There are a number of health services structures that can act as challenges to collaboration including:

  • Lack of a linked provincial database and information technology at provincial level,
  • Lack of attention to collaboration in existing practice guidelines,
  • Public health and primary care work in siloed Ministries,
  • Pessimism that collaboration between public health and primary care  is possible.

Lack of a Linked Provincial Database and Information Technology at the Provincial/Territorial Level
Many of the challenges related to this factor have to do with lack of access to data at the systems level. Although some provinces do have a linked provincial database that can be accessed by practitioners, several provinces do not yet have this infrastructure available. Practitioners have experienced frustration by not having access to such databases. There is a need for strong advocacy to encourage the development of linked databases at the provincial/territorial level.

Related: Harmonized Information and Communication Infrastructure

Lack of attention to collaboration in existing practice guidelines
Despite the importance of best practice guidelines and evidence reviews in supporting collaboration and their relevance to both public health and primary care practitioners, they do not specifically provide guidance on how to initiate, develop and sustain effective collaborations.Frustration

Furthermore, there are no practice guidelines available that relate specifically to supporting collaboration. Development of such guidelines to facilitate collaboration on a variety of health issues could be very helpful. This toolkit offers some of this support.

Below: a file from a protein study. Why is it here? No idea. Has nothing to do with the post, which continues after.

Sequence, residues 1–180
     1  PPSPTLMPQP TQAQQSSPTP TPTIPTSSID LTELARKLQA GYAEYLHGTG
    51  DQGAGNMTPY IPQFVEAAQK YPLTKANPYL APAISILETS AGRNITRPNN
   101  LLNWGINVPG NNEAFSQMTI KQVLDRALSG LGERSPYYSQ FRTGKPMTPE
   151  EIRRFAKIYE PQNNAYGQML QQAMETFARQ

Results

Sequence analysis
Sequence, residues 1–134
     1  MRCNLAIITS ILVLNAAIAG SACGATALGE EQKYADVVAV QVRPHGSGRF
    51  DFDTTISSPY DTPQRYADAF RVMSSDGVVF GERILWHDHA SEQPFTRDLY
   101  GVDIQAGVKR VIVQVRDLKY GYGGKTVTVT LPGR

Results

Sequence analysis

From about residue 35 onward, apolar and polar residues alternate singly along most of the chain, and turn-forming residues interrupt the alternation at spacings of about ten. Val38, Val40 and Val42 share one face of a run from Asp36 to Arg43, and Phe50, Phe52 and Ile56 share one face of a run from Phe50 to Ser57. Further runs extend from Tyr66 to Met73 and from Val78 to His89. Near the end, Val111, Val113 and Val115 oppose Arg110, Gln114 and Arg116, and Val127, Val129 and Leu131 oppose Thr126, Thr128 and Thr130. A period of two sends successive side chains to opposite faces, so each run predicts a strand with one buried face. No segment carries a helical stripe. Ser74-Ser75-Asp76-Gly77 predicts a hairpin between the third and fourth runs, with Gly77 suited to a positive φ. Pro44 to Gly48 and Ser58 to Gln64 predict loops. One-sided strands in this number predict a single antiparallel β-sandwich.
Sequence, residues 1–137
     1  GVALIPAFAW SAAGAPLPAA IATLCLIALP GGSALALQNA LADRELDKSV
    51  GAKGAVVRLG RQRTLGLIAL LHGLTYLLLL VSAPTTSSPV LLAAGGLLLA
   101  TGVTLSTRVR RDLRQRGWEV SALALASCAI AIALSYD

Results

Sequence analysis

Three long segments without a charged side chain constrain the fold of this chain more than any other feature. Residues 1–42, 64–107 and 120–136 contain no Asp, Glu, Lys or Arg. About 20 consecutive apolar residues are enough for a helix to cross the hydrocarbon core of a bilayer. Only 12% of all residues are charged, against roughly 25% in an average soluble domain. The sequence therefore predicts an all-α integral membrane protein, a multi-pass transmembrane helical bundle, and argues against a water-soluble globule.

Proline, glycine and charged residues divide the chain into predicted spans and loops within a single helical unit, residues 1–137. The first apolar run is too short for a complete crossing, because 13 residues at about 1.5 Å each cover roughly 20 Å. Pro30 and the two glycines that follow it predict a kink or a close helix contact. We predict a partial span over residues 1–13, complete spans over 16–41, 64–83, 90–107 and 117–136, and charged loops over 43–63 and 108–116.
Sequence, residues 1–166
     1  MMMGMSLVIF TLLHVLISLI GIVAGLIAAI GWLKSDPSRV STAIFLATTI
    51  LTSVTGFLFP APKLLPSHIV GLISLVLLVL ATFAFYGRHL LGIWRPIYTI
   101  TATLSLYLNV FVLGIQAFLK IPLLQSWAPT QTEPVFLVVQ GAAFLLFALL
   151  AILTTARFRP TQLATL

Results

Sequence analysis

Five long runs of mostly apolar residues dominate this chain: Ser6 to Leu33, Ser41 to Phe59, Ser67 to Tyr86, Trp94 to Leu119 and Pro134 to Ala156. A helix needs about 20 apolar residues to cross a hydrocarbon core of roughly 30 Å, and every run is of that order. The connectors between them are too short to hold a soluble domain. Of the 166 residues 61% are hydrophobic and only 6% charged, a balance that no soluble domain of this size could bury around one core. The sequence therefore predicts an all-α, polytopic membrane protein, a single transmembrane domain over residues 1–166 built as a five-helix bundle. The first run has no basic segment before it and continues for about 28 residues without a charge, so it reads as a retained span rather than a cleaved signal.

Public Health and Primary Care Work in Silos
Many people have pointed out that public health and primary care often work in their own silos, with few mechanisms to bridge them. Very different systems of care, with different structures, a different organization, and different funding mechanisms create silos that are difficult to transcend. An important strategy to bridge those silos involves government leadership in creating opportunities for public health and primary care to transcend silos.

ListenPublic health and primary care professionals share their perspectives on the challenges.

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Pessimism that Collaboration between public health and primary care is possible.
Thumb_DnResearch has found that there is a general sense of pessimism among many that collaboration can actually take place because of differences between the two sectors in terms of their values and beliefs, their mission and mandates, and their training and education. (Valaitis et al., 2012) See

This does create challenges for people to work together at any level of the system. However, this pessimism is not universal because many positive examples are available and many people also have had positive experiences.

Related IconRelated: Personal Values, Beliefs and Attitudes
Related: Shared Values, Beliefs and Attitudes


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